Kate: My experience of the patriarchy and toxic men – and Dracula in this is very much a toxic man – is that they're deceptive. You think you'll be able to identify them at a glance, but they're extremely good at camouflaging themselves. Because I was interested in vampirism as a metaphor for toxic masculinity, I was interested in how men and women get sucked into that. This is vampirism as a kind of parasitism.
I was interested in if vampires are people who are making you feel like you're making an autonomous choice but you're playing into their systems. Every single character in this play who's a woman, certainly and the men, too, is really struggling with autonomous choice.
Tristan, with Stephanie Berry, a woman of color, playing the Creature, the play could be seen as an allegory regarding racism. And Kate, it was difficult to not think about Harvey Weinstein when watching Dracula. Did you lean into these aspects of the shows, or did they evolve naturally?
Tristan: The production brings that to it with casting a black female lead as the Creature. The audience brings that as well. There's a lot here about race. I saw that as well. I think that's what's great about seeing someone else take your script and do something with it. Each time they do something different and find something you never intended.
[A theme of racism was] not written in the piece at all. The show was originally performed by a tall, skinny 23-year-old white guy. When I met [director] Timothy [Douglas] online and we were chatting on Skype about the show, he had the idea of doing it as an older black actor and a woman. He asked, "What do you think?" and I said, "Sounds great. No reason why you couldn't at all." Again it's just storytelling. None of it is real, so why not do that?
Kate: I can't tell you at this point in time how satisfying it is to have a play where we stake a toxic man in the heart while shouting, "No, no, we said no!" This story has been done in a lot of problematic ways, so it's an attempt to strike back.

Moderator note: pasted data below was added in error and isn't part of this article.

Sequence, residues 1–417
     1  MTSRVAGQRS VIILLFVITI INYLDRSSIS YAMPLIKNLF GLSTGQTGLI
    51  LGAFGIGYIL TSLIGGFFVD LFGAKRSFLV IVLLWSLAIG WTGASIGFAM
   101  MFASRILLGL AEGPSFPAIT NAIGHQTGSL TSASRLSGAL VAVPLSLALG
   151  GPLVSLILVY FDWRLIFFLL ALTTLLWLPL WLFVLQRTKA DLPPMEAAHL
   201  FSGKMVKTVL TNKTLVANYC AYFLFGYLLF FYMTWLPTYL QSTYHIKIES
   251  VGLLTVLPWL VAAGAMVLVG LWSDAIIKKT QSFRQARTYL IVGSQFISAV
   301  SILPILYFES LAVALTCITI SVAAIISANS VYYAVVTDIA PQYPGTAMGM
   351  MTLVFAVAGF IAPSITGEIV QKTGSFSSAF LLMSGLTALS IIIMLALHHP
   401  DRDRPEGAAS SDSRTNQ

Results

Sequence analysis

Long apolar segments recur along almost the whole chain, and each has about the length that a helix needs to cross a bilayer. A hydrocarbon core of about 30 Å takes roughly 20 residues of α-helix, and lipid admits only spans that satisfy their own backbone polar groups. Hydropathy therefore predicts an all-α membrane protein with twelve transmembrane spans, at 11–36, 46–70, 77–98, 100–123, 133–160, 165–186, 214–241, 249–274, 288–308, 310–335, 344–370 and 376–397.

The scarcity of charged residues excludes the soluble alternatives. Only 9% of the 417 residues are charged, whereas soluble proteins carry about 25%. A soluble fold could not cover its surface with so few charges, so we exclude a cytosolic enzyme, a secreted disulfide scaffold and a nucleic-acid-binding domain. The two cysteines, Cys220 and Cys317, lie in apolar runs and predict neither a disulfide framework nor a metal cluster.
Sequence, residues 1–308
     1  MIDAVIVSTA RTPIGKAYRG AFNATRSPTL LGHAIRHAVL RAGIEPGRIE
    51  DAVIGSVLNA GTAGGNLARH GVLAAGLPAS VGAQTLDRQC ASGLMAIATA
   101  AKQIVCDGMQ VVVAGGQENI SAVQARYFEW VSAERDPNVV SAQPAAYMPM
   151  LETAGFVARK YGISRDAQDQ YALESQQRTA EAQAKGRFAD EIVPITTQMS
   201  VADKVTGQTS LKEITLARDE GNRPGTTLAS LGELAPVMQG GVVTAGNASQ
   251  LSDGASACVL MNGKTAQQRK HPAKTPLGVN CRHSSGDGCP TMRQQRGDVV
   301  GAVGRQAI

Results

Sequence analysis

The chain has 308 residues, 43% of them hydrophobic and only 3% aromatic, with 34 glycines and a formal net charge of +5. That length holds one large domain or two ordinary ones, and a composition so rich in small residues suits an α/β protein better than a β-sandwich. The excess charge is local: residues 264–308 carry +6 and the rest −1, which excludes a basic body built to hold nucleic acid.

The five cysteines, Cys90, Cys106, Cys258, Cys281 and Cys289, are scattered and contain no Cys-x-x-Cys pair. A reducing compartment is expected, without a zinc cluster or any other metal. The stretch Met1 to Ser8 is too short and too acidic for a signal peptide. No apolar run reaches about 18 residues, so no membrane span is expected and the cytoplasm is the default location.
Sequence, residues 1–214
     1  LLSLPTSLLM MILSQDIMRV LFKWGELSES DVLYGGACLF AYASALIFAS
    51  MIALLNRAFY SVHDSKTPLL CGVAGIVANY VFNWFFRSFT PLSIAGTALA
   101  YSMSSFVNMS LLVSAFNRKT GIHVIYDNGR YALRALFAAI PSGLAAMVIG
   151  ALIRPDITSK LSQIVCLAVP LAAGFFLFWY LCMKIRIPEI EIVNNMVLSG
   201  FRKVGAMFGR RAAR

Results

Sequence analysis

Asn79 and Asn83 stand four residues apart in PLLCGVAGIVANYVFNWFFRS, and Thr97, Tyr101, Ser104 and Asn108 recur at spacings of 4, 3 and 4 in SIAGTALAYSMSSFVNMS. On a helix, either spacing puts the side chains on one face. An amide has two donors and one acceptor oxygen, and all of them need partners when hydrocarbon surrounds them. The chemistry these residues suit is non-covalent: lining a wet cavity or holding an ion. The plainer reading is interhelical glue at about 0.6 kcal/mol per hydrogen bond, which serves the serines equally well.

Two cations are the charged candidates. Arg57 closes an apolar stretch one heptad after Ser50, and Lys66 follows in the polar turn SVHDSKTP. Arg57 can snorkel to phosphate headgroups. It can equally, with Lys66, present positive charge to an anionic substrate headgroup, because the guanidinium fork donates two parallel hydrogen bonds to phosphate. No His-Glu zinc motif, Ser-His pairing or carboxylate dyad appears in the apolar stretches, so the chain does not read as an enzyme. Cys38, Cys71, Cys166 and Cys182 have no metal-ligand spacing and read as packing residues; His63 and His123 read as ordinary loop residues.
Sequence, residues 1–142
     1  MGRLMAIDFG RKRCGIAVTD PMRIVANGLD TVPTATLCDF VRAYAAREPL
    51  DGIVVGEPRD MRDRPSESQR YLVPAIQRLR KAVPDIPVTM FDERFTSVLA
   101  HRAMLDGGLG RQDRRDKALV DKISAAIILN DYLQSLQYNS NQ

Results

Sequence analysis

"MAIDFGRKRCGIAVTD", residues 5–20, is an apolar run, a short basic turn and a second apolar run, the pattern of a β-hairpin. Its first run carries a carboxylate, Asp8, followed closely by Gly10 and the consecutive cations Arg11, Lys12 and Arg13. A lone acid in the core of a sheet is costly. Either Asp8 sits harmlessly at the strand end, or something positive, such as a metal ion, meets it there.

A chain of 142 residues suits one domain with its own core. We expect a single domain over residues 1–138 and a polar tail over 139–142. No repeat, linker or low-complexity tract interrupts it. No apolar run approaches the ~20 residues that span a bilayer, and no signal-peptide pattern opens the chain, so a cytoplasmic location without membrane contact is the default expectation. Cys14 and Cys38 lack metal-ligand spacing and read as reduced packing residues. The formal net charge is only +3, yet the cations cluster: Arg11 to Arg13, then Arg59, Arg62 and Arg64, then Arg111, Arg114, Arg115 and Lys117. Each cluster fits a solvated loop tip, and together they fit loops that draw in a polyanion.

I think the deception of Dracula in this piece is he seems to offer an alternative, but the problem is it's very consume or be consumed. If you fall for sort of the patriarchy structures, you just become further enmeshed. They don't get empowered. They just become forever servants. There is something Weinstein-esque there. I had to make Dracula not completely repulsive because you have to understand some of the draw.
What is it about Dracula and Frankenstein that keeps drawing people back over the years?
Tristan: Dracula is called Dracula but it's actually about the people, and Frankenstein is called Frankenstein but actually about the monster. What keeps you coming back is the idea of what these monsters represent. How many headlines have you seen about GM food, people call Frankenstein farming? People understand what Frankenstein is – a scientist who's out of control. Or the idea of Dracula, who infects all aspects of popular culture. I think you love the stories because of the monsters. They are about boogeymen and monsters and what they represent.
Kate: Monsters tell us about ourselves and our shadow desires and shadow fears. Our monsters tell us about ourselves. I think the lie of it is that we ever escape monsters because I don't think we do. That's why we have to be really careful when we are making our stories. I think who our heroes are and who our monsters are and what we say about them really shape our perceptions of the world, whether or not we realize it.